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A Scanner Darkly [Paperback]

Philip K. Dick
4.6 out of 5 stars  See all reviews (82 customer reviews)

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Book Description

May 23 2006 Vintage
Bob Arctor is a dealer of the lethally addictive drug Substance D. Fred is the police agent assigned to tail and eventually bust him. To do so, Fred takes on the identity of a drug dealer named Bob Arctor. And since Substance D--which Arctor takes in massive doses--gradually splits the user's brain into two distinct, combative entities, Fred doesn't realize he is narcing on himself.

Caustically funny, eerily accurate in its depiction of junkies, scam artists, and the walking brain-dead, Philip K. Dick's industrial-grade stress test of identity is as unnerving as it is enthralling.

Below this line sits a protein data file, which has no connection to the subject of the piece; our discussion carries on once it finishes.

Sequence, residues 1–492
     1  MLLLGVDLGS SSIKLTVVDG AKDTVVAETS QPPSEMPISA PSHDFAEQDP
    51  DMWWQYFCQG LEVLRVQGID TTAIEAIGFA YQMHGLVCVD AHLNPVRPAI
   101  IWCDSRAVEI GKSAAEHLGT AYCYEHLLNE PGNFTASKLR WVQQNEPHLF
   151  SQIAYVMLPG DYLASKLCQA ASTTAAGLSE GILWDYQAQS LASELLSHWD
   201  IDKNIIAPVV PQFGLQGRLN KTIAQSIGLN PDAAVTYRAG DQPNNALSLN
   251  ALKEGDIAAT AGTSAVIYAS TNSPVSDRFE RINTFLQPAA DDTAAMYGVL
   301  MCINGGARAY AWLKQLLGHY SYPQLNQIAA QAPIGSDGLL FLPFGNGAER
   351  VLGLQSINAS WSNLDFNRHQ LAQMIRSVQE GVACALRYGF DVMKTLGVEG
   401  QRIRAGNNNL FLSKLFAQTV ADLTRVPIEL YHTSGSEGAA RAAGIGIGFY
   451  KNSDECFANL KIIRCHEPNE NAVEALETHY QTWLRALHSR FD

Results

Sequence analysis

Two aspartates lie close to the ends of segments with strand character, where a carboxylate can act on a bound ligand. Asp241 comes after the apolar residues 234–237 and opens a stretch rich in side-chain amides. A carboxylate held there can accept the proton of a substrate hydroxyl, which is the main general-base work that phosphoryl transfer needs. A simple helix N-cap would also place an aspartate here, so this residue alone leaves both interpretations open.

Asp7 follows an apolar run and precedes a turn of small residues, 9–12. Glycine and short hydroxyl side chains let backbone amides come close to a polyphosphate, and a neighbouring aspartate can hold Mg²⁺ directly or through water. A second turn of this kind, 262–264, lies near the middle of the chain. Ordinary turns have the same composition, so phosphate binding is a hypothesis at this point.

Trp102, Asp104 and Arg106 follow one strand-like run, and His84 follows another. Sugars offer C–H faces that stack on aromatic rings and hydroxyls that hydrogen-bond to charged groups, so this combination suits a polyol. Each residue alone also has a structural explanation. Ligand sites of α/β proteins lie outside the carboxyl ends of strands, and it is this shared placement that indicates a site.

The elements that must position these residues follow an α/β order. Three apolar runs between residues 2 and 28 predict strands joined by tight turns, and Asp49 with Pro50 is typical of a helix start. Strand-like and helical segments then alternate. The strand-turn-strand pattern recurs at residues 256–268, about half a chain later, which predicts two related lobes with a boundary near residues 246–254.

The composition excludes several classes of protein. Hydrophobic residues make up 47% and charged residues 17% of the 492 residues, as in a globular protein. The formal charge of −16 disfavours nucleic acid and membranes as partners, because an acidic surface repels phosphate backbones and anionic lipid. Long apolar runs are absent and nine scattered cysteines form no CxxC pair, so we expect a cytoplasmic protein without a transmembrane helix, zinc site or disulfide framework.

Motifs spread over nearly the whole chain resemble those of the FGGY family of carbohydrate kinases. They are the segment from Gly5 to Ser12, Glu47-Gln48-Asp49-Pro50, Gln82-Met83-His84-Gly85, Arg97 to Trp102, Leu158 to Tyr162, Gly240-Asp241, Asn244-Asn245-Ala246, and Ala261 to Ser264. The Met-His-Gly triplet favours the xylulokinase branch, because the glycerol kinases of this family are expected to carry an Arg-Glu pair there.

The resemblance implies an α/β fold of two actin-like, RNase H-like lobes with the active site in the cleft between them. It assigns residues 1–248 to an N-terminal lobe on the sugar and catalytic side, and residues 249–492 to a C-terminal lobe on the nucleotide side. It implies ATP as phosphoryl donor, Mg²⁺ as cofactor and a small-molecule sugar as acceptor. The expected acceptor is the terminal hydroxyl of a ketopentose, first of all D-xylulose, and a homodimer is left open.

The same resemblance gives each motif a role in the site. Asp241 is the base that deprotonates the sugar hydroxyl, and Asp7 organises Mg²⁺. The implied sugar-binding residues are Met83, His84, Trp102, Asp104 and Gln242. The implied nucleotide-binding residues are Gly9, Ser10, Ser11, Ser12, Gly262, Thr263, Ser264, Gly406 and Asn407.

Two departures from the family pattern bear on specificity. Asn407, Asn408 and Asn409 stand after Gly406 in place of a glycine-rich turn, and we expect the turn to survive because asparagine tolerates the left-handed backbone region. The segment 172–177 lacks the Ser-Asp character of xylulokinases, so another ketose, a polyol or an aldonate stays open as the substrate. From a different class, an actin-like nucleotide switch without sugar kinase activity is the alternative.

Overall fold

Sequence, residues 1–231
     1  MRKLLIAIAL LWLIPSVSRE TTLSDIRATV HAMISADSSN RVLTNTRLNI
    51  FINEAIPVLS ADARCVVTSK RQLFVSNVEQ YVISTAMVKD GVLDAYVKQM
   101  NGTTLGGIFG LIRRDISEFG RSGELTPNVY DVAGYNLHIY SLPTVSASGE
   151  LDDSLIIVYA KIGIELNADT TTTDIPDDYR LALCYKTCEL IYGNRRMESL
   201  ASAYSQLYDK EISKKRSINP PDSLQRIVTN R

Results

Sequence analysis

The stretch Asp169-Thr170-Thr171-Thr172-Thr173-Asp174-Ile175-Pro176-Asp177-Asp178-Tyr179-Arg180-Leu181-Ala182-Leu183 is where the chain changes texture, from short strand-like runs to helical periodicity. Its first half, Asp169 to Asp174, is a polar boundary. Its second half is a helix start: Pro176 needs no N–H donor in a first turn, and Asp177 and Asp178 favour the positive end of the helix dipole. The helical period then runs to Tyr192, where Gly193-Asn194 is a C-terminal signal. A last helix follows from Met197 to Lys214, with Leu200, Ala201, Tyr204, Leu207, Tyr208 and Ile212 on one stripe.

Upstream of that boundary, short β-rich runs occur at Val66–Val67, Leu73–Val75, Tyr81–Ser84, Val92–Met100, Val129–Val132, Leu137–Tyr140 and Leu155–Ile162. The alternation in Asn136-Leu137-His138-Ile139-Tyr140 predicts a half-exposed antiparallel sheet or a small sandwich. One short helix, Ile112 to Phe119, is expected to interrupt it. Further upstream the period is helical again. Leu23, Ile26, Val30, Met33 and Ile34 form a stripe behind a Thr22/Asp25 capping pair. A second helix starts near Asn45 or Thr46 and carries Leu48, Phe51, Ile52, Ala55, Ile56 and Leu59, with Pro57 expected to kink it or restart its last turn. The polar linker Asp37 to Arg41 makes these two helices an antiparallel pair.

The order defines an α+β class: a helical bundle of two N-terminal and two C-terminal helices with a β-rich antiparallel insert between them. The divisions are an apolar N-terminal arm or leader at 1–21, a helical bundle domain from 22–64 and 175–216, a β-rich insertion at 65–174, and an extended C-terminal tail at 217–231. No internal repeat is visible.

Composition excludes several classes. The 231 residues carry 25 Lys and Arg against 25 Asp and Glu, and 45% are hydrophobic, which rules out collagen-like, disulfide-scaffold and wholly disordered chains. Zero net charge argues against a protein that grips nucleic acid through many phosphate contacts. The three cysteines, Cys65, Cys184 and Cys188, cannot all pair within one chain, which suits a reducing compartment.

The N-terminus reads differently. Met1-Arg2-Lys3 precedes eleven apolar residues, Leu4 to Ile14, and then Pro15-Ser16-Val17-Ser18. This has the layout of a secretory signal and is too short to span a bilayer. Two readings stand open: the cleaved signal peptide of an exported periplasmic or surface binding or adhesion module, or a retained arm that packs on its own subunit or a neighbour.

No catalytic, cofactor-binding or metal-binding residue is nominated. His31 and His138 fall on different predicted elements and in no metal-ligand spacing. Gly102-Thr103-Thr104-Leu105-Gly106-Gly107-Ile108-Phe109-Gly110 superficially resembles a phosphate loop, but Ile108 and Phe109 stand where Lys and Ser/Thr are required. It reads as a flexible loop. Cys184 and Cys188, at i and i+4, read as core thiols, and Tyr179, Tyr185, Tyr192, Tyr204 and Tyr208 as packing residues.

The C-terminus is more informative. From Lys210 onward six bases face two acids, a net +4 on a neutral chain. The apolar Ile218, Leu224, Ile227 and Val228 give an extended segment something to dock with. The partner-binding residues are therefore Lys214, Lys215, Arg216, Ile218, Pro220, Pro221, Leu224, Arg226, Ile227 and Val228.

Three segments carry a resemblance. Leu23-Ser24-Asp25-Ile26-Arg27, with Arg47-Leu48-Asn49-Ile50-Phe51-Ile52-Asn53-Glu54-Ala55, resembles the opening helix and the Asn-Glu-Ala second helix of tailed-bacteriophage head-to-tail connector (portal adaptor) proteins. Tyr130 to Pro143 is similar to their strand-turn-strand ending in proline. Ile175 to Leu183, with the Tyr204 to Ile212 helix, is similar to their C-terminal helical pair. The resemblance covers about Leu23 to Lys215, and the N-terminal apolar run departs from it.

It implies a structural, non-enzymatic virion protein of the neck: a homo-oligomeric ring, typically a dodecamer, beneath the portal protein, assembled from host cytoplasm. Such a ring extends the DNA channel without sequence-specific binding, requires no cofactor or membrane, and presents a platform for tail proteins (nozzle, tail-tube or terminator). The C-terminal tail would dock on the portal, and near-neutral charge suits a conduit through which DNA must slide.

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From Amazon

Mind- and reality-bending drugs factor again and again in Philip K. Dick's hugely influential SF stories. A Scanner Darkly cuts closest to the bone, drawing on Dick's own experience with illicit chemicals and on his many friends who died from drug abuse. Nevertheless, it's blackly farcical, full of comic-surreal conversations between people whose synapses are partly fried, sudden flights of paranoid logic, and bad trips like the one whose victim spends a subjective eternity having all his sins read to him, in shifts, by compound-eyed aliens. (It takes 11,000 years of this to reach the time when as a boy he discovered masturbation.) The antihero Bob Arctor is forced by his double life into warring double personalities: as futuristic narcotics agent "Fred," face blurred by a high-tech scrambler, he must spy on and entrap suspected drug dealer Bob Arctor. His disintegration under the influence of the insidious Substance D is genuine tragicomedy. For Arctor there's no way off the addict's downward escalator, but what awaits at the bottom is a kind of redemption--there are more wheels within wheels than we suspected, and his life is not entirely wasted. --David Langford, Amazon.co.uk --This text refers to an out of print or unavailable edition of this title.

From Publishers Weekly